Milton Keynes Peace Pagoda occupies a pleasant hilly corner of Willen Park. The Pagoda itself is perhaps 500 metres over a hill from a Temple where a small number of resident monastics of Nipponzan Myohoji live, practice and work.
The main practice of the monks and nuns of the Nipponzan Myohoji revolves around walking and chanting "Namu Myo Ho Ren Ge Kyo" while beating their drum as a call for world peace.
The Nipponzan Myohoji is widely known for their construction of Peace Pagodas throughout the world. The pagodas are offerings for world peace, and considered as "a prayer of the spirit made manifest in material form . . . offered to the world as a symbol of global peace”.
I dropped in on a mild spring morning to find some helpers making decorations for the shrine room, which proved to be a calm and inspiring space dominated by an elaborate arrangement of images of golden Buddhas, Bodhisattvas, and more recent teachers of the Nichiren Hokke-shu school. I had a helpful discussion with a young lay-follower who was intent on training to become a monk within the tradition.
The Abbot spoke with me about the dedication of the Sangha to world peace, their involvement in many interfaith activities and their difficulty in meeting the many demands upon their time. Like many Buddhist organisations they have many more requests than they can meet. The Abbot was concerned that involvement in the NBO may be an additional burden and I discussed with him the way that the NBO was involved with consultation activities from a number of non-Buddhist organisations. These ranged from government departments wanting a 'Buddhist view' of pending consultation through to the BBC website wanting an ‘authoritative’ Buddhist view on specific social or ethical issues.
Such consultation can be difficult for Buddhists who quite rightly see their faith as primarily a practice and not about promoting or establishing some sort of party-line or 'dogma'. However, it is surely wholesome and non-controversial to simply provide a sincere and accurate description of Buddhist teachings and principles without in any way forcing these on to others.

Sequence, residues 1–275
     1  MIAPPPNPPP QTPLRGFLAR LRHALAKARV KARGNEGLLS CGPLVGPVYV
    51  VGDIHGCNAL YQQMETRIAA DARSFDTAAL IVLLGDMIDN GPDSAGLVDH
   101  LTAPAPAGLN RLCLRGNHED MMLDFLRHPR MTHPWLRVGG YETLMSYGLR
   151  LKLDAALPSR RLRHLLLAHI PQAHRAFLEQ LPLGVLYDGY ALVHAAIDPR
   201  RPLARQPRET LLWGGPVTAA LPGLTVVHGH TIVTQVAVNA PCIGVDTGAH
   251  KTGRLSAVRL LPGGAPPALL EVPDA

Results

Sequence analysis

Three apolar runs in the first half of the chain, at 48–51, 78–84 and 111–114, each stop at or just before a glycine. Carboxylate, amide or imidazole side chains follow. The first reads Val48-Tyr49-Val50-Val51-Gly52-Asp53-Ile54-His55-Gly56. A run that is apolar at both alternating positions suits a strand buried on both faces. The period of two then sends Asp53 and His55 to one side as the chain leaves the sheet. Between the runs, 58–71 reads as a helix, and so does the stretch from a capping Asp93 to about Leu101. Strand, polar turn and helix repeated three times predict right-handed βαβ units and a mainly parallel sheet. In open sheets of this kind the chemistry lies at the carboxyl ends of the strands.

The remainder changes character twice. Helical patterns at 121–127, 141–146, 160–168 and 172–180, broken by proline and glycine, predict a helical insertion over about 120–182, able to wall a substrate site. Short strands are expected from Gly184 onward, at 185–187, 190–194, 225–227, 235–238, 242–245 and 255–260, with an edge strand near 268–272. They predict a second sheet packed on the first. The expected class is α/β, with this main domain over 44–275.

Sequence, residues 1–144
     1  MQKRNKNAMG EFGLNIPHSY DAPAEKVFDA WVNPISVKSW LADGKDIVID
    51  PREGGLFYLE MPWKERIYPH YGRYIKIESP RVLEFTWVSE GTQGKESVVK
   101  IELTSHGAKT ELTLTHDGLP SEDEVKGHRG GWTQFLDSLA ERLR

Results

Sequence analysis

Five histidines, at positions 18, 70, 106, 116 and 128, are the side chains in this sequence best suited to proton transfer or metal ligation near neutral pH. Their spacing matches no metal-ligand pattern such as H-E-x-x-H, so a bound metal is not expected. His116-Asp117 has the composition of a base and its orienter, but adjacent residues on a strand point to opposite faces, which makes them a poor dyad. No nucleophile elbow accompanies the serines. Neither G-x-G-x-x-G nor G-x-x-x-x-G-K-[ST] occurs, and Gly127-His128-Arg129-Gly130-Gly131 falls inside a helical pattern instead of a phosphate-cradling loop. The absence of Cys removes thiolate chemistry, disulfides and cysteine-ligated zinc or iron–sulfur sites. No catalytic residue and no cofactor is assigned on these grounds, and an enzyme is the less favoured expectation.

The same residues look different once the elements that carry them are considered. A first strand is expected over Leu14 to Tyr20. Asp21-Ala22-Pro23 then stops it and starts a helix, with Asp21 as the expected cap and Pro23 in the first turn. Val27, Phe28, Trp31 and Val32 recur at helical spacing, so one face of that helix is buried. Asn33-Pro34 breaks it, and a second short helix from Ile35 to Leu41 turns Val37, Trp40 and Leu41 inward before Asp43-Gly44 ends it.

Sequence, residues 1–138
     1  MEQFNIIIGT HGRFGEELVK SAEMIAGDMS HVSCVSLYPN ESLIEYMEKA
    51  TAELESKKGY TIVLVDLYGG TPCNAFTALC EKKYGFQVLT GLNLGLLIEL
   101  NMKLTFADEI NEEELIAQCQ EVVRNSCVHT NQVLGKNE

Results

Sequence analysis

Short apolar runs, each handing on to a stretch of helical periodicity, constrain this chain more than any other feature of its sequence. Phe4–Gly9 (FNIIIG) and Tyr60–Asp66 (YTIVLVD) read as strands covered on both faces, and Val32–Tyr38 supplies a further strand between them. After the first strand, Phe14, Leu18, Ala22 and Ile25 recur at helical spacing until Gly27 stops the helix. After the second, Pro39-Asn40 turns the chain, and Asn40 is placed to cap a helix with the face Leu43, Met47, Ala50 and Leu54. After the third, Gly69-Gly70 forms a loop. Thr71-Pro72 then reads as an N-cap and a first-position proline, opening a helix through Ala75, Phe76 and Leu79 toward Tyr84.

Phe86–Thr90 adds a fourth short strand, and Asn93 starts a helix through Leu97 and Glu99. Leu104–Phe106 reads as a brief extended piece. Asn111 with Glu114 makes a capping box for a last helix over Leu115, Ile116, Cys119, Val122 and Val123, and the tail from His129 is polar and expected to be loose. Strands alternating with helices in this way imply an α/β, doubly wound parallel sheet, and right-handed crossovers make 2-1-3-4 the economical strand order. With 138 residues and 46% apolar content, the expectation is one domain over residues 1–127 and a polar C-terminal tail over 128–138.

In theory, if the NBO act as a common conduit for these consultation and information requests, the workload on individual Buddhist groups such as Nipponzan Myohoji may be reduced. However, this depends upon the level of consultation and consensus that NBO member organisations feel is necessary amongst themselves before the NBO issue any statement or information to third parties.
I left the Temple pondering the question of gaining consensus within the NBO; at the root of this are complex issues. How can the NBO clearly represent the views of its member organisations without this becoming a hugely complex process of drafting and redrafting any statements? Perhaps some questions are less important than others and do not require such an extensive canvassing of members?
There will be 26th Anniversary Celebrations, open to all, at the Pagoda on Sunday 18th June starting at 10.30.
The Peace Pagoda can be contacted at: Nipponzan Myohoji Peace Pagoda, Willen, Milton Keynes, MK15 0BA. Tel: 01908 663652.